Collins v Wilcock – 1984

January 04, 2024
Micheal James

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Introduction to Collins v Wilcock – 1984

Collins v Wilcock is a legal case that stemmed from an encounter between Mary Collins, a police officer, and Wilma Wilcock, who was accused by Collins of soliciting in a public street. The situation escalated when Collins attempted to arrest Wilcock based on suspicion, but Wilcock vehemently denied the allegations and resisted the arrest. This resistance resulted in a physical confrontation between them, leading to Wilcock being charged with obstructing a police officer in the execution of duty.

The incident occurred when Collins, in the course of her duty, approached Wilcock, suspecting her involvement in soliciting. Wilcock, feeling unjustly accused and agitated, refused to comply with the officer’s orders and physically resisted the attempted arrest. This resistance and ensuing physical struggle became the focal point of the legal dispute.

Parties Involved

The primary parties involved in the case were Mary Collins, a law enforcement officer, and Wilma Wilcock, the individual accused by Collins of engaging in solicitation. Collins acted in her capacity as a police officer, aiming to execute an arrest based on suspicion, while Wilcock was the subject of suspicion and the subsequent attempted arrest. Collins attempted to carry out the arrest, believing Wilcock was involved in soliciting, while Wilcock vehemently denied the accusations and resisted the arrest, leading to a physical altercation between them.

Legal Issues

Central to the legal debate in Collins v Wilcock was the determination of whether Wilcock’s resistance constituted obstruction of an officer in the execution of duty or if her actions were justifiable due to the circumstances surrounding the attempted arrest. Legal principles governing individuals’ rights during interactions with law enforcement and the definition of obstruction in the context of resisting an arrest were pivotal in shaping the arguments presented by both parties.

Court Proceedings and Arguments

During the court proceedings, arguments were presented by both parties to support their positions. Collins contended that Wilcock’s resistance amounted to obstruction of an officer, while Wilcock’s defense focused on justifying her resistance due to her firm belief in her innocence and her perception of defending herself against wrongful accusations.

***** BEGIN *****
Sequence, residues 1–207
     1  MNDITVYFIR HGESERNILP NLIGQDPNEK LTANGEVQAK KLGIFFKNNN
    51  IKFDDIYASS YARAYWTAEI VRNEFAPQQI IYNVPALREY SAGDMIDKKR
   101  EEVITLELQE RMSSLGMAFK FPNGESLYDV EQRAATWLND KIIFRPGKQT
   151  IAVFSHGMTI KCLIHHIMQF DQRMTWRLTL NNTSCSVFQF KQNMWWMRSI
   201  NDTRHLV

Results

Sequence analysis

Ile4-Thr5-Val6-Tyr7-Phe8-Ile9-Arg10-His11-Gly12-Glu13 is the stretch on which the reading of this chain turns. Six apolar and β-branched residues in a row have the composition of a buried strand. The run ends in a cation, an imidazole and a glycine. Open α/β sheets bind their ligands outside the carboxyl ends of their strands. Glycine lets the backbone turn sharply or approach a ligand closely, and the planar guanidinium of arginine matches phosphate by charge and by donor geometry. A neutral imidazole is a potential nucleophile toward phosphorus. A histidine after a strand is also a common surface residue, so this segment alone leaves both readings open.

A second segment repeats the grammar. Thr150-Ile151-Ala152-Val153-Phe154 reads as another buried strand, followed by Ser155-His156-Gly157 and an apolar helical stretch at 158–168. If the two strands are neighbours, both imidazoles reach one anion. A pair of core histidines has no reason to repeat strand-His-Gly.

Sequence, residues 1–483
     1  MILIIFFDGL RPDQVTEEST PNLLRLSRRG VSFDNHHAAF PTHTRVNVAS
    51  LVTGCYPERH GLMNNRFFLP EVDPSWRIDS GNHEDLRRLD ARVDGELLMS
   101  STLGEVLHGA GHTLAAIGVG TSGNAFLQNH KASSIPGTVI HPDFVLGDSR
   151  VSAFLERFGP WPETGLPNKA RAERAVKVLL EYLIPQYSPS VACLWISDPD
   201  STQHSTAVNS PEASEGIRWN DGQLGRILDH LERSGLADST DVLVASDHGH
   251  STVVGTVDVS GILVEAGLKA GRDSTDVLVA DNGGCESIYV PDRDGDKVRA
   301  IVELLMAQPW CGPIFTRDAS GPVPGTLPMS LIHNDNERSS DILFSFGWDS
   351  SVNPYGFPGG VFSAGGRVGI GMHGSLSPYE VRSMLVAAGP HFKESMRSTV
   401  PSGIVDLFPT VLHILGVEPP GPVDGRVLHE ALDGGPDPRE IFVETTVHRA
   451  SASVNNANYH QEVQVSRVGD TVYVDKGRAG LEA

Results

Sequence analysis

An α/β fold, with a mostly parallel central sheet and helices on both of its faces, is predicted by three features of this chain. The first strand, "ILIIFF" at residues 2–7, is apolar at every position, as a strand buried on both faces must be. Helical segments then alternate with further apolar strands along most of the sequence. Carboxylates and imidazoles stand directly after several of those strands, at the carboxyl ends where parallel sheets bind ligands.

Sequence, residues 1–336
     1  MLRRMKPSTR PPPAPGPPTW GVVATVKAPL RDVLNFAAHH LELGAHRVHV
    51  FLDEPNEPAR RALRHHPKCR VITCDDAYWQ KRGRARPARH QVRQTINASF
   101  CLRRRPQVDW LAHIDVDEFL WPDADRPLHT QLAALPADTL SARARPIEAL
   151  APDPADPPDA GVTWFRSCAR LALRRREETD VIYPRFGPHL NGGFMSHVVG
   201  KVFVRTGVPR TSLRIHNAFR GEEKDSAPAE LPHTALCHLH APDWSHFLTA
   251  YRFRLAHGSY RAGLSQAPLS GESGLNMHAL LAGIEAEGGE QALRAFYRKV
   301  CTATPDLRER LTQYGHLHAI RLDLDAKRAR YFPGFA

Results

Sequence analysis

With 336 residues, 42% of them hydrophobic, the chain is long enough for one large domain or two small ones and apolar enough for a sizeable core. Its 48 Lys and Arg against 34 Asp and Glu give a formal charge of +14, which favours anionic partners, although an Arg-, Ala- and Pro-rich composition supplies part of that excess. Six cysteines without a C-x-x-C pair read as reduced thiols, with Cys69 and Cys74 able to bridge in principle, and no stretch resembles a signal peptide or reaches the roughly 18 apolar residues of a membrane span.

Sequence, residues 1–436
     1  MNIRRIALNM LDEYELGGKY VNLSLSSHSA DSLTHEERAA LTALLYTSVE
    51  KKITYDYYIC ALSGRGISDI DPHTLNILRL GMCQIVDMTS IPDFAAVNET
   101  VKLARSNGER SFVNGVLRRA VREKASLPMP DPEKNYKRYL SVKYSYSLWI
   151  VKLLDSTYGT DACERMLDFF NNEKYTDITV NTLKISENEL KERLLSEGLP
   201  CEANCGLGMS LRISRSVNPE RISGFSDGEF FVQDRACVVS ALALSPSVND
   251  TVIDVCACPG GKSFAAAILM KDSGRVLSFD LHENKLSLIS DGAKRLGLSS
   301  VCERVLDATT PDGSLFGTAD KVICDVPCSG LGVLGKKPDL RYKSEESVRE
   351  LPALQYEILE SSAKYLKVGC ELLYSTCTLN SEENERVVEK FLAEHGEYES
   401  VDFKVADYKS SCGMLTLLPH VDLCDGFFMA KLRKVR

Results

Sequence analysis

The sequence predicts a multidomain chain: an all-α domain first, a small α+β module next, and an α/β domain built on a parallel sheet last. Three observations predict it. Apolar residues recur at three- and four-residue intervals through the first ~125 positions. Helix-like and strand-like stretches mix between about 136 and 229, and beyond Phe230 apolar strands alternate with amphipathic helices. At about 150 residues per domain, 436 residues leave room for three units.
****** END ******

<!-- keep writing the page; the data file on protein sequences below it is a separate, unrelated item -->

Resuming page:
Judgment and Ruling

The court ultimately ruled in favor of Wilcock, determining that her resistance was justifiable considering the circumstances. The judgment was grounded in the notion that Wilcock reasonably believed in her innocence and acted in self-defense against what she perceived as unjust accusations. The ruling referenced past cases that established the right of individuals to defend themselves against wrongful accusations.

Impact and Significance

Collins v Wilcock set a significant legal precedent by emphasizing the right of individuals to defend themselves against perceived wrongful accusations during encounters with law enforcement. This case underscored the importance of considering contextual circumstances and individual rights in cases involving police actions and resistance.

Academic and Professional Discourse

Legal scholars engaged in extensive debates, analyzing the balance between police authority and individual rights highlighted in Collins v Wilcock. Ongoing discussions revolved around the implications of this case in refining and shaping laws regarding the rights of individuals during interactions with law enforcement officers.


The case of Collins v Wilcock highlighted the significance of contextual considerations in assessing resistance during police encounters and solidified the right of individuals to defend themselves against unjust accusations. Its ongoing relevance in legal discourse continues to contribute to the evolution of laws governing interactions between law enforcement officers and individuals, emphasizing the importance of understanding and upholding individual rights in such encounters.

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